Vito’s Rise to Power just seems kinda rote and uninteresting – there’s no Machiavellian power plays or anything that makes him seem like the character we know from the first one – his whole story seems to be…he doesn’t pay the big mob guy what he wants, and the mob guy admires his balls, and offers him a job. But then Vito shoots him literally 5 minutes later and then somehow next time we see him he’s basically The Godfather. It just feels a little underwritten, even though I’m sure Coppola and company must have took the day off after writing “and then we’ll have De Niro go “I’ll make him an offer he can’t refuse!” (Which I admitted I completely smiled at since that’s such a 2018, Solo-esque thing to do)

    There’s also even more of that Godfather bloat (3 hours and 22 minutes????), the plot is still kinda muddled and confusing, but I’m still glad I saw it. I’m looking forward to Godfather III now (which I saw as a kid but had no idea what was happening). I’m sure it will have a more “modern” pace and I know it runs a full 45 minutes shorter than this one, so I’m a little worried I’m going to be THAT GUY who likes it the most out of the series. I guess we’ll see.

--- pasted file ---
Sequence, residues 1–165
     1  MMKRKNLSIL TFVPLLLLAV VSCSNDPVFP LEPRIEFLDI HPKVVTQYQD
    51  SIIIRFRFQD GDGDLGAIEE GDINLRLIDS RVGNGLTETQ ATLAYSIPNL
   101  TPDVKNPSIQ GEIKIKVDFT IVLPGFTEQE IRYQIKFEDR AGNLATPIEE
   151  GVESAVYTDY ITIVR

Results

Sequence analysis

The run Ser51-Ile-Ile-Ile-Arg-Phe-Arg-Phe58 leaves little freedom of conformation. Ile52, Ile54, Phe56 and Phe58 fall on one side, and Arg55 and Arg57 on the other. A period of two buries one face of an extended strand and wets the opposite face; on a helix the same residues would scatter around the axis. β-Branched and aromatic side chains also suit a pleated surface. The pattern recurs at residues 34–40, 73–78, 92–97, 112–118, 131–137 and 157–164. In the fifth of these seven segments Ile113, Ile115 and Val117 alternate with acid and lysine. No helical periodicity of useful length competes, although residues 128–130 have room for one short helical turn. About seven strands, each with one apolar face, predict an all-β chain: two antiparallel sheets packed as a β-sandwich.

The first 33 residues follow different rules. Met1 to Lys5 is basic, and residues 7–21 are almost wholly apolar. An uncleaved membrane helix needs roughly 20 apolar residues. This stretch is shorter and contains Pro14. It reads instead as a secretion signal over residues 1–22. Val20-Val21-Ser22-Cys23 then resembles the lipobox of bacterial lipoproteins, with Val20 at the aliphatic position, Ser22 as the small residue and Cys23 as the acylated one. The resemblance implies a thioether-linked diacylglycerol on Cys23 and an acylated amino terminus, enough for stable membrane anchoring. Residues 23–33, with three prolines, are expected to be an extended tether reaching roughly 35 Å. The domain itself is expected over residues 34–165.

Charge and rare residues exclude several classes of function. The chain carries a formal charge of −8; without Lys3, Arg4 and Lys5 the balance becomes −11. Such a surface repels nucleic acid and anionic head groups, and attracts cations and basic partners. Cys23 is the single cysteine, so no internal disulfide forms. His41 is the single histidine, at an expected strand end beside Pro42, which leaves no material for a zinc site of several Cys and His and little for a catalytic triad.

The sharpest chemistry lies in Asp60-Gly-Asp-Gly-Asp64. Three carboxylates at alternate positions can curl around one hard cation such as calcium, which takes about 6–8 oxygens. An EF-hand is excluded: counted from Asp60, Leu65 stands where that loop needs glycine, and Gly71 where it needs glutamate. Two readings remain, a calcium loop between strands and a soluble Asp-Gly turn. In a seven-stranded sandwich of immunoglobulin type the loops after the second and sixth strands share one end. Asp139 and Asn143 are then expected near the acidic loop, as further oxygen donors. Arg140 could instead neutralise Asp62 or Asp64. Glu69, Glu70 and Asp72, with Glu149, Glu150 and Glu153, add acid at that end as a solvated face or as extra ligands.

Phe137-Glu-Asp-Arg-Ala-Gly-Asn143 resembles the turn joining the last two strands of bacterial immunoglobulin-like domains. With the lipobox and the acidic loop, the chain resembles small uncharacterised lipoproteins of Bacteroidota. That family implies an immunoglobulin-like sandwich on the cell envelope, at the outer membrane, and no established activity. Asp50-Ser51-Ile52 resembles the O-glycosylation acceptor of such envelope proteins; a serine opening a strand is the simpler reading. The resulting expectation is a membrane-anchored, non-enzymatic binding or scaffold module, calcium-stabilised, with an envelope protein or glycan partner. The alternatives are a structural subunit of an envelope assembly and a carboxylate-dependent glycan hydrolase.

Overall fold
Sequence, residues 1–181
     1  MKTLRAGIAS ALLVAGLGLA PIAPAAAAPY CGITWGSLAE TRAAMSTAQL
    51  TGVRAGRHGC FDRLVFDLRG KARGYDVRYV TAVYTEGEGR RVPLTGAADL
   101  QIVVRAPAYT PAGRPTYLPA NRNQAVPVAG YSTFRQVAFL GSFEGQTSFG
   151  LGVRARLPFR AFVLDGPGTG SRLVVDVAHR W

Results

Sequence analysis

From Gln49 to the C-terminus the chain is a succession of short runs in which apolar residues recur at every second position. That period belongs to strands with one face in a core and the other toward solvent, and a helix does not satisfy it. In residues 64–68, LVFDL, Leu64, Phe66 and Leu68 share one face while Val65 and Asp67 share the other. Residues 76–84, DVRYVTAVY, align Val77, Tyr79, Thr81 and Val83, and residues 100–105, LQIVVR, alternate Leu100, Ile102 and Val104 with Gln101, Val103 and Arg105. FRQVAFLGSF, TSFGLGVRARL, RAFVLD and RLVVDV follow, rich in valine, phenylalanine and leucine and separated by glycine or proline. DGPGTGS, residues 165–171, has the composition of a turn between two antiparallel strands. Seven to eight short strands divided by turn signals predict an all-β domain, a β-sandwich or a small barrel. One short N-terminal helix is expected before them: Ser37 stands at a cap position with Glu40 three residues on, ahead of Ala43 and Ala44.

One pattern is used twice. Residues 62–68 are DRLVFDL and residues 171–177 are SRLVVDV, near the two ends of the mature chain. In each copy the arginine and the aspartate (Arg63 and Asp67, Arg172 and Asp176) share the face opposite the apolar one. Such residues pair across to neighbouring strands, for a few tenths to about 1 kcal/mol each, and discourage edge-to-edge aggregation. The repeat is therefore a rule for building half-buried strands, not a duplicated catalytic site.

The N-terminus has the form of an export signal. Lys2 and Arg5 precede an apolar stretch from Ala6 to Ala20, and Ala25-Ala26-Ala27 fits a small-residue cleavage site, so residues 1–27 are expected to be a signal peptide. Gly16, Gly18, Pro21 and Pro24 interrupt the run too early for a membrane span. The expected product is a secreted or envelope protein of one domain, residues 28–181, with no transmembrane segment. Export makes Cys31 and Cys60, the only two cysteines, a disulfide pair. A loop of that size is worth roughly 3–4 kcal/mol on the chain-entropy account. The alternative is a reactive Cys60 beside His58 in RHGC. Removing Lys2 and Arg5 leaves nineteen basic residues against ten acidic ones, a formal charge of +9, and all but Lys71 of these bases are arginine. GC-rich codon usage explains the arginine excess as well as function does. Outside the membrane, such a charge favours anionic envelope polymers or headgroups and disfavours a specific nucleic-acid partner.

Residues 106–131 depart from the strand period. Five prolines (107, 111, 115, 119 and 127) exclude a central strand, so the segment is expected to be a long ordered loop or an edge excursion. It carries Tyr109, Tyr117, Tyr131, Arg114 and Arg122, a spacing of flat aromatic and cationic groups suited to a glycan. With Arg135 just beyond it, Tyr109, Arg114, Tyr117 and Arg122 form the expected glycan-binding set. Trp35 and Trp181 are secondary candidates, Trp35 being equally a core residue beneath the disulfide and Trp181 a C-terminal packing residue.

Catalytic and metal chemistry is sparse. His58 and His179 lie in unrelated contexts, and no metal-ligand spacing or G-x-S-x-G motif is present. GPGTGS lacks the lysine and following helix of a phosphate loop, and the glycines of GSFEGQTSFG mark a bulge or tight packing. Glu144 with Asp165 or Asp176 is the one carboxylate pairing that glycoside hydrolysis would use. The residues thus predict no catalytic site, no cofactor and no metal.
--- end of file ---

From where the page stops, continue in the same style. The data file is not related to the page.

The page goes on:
3. This might be compete heresy, but if you can find THE GODFATHER COMPLETE SAGA, which re-edits GF1 and GF2 back into chronological order and adds some additional scenes, you might really enjoy that. (Not the TV version which cuts out all the violence, of course.) Yes, I KNOW that thematically the DeNiro segments are supposed to act as counterpoints to Pacino’s behavior, but the time frame jumping really takes me outta the narrative flow of the flick, and I feel like the additional DeNiro scenes flesh in that part of the movie quite a bit.